The founder of this clan was Alpyeong, one of the original village headmen of Silla, who chose Bak Hyeokgeose as the first king. According to the Samguk Sagi, the Yi name was officially bestowed on the family by King Yuri around 9 CE. Prominent members include the Joseon-era scholar Yi Hwang, Yi Hang-bok. In present days, Lee Byung-chull, the founder of Samsung Group and the former Samsung CEO, Lee Kun-hee, and Lee Myung-bak, current president of South Korea are notable figures from the Gyeongju Lee clan.[1] It is the most populous Lee clan after the Jeonju Lee clan.

Yeoju clan

Prominent members of this clan include the Joseon Dynasty philosopher Yi Ik.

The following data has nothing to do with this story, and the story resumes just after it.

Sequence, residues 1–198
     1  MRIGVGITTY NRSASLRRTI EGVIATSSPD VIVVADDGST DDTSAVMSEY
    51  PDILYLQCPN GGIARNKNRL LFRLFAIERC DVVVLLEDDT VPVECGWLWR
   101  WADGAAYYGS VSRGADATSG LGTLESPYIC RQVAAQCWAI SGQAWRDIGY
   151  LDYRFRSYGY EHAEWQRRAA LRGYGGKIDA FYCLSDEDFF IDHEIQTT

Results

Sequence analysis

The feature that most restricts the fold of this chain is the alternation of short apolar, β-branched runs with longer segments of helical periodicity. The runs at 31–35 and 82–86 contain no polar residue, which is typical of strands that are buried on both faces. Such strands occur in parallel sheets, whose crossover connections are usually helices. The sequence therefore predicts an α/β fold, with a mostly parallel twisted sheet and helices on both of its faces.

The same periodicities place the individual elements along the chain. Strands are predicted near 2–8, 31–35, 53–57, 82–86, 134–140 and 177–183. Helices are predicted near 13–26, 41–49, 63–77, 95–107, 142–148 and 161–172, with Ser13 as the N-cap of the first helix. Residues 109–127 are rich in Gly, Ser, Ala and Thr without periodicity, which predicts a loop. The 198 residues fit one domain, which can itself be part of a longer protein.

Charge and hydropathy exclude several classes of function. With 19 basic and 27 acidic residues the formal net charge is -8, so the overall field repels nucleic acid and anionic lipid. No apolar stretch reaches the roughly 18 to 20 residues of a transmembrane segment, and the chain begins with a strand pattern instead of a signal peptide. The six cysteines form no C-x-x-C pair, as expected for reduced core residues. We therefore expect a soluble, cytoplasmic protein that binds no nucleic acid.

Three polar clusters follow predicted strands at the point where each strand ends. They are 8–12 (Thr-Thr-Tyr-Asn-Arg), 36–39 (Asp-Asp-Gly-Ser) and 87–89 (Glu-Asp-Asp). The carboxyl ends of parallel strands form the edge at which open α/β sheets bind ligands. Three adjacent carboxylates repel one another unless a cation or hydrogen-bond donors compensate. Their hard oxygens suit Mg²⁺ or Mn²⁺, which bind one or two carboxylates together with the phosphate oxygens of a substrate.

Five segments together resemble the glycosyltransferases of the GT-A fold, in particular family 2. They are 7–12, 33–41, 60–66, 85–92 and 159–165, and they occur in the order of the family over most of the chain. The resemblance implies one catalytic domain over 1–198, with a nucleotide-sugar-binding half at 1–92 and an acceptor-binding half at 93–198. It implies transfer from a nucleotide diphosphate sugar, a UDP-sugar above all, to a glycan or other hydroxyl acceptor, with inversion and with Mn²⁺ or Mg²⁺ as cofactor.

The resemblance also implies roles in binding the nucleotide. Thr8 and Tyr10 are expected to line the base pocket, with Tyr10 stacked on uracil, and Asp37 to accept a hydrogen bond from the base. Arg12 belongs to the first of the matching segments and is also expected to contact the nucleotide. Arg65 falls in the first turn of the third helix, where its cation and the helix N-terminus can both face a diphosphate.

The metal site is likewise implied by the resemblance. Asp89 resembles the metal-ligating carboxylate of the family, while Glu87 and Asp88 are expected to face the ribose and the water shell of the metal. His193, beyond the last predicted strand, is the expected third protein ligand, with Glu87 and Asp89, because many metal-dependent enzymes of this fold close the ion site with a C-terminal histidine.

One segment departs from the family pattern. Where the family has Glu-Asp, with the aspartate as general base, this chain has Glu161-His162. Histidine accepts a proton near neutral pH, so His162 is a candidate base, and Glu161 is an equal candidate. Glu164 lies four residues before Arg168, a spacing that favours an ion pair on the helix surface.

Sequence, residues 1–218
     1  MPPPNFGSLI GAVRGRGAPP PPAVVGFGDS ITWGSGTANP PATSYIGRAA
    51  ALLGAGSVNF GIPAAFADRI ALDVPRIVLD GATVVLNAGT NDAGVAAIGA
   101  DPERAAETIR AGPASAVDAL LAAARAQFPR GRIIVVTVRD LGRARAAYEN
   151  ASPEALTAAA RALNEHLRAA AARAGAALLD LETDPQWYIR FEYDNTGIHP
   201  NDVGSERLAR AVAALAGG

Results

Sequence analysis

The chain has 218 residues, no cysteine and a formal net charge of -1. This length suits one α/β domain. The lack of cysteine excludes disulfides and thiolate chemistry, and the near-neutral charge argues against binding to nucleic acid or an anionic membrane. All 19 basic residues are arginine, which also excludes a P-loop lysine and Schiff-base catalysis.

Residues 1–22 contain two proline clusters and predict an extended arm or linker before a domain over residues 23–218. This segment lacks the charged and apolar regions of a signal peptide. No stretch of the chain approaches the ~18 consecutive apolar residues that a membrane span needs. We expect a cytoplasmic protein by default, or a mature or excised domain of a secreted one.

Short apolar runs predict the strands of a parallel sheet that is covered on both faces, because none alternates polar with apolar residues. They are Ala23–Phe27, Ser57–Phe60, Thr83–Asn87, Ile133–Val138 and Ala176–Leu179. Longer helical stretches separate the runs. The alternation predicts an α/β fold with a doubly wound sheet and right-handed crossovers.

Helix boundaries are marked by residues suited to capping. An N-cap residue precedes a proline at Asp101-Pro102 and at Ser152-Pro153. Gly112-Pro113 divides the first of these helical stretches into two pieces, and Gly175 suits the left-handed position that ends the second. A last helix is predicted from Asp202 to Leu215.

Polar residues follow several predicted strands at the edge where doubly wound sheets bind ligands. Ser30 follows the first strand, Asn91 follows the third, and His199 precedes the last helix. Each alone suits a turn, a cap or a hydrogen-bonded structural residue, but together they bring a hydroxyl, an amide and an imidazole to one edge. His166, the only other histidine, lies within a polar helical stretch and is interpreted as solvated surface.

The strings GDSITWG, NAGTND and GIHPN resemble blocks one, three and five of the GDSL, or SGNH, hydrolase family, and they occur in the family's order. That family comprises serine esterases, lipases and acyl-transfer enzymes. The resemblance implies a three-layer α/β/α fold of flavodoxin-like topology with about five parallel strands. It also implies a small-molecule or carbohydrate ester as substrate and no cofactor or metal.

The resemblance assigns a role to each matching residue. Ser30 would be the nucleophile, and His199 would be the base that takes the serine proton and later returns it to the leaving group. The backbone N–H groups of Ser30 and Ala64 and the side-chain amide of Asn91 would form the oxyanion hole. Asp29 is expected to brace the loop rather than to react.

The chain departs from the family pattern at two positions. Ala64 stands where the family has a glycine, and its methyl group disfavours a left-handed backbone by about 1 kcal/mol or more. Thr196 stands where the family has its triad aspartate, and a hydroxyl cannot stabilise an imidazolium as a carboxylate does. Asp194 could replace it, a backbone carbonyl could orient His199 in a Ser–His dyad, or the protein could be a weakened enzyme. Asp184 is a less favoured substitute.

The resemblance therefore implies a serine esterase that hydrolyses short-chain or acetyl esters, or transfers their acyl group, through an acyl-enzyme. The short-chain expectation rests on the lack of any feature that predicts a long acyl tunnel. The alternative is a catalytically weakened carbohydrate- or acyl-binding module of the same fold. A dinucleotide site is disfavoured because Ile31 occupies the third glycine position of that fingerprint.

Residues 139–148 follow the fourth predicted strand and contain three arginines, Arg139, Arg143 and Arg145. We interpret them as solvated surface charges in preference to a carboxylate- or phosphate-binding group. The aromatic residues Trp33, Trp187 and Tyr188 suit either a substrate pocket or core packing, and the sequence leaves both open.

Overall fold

Jeonju clan

Descendents of the Jeonju Lee family perform rites called Jongmyo jerye to honor their ancestors in an annual ceremony the Korean government has declared an Important Intangible Cultural Asset.

This is the most populous Lee clan. The founder of this clan was Yi Han, a native of Baekje who later married a Silla princess and became a high official of Silla. His 22nd-generation descendant, Taejo of Joseon, went on to found the Joseon Dynasty. The Jeonju Yi family ruled Joseon for 518 years between 1392 and 1910.

The current pretender to the Korean throne is Her Imperial Highness, Empress Haewon of Joseon. Members of the different branches of Jeonju Yi family dominated Korean history right up until the formation of the current Republic of Korea. There are many families that claim membership in the Jeonju Yi clan.

Danyang clan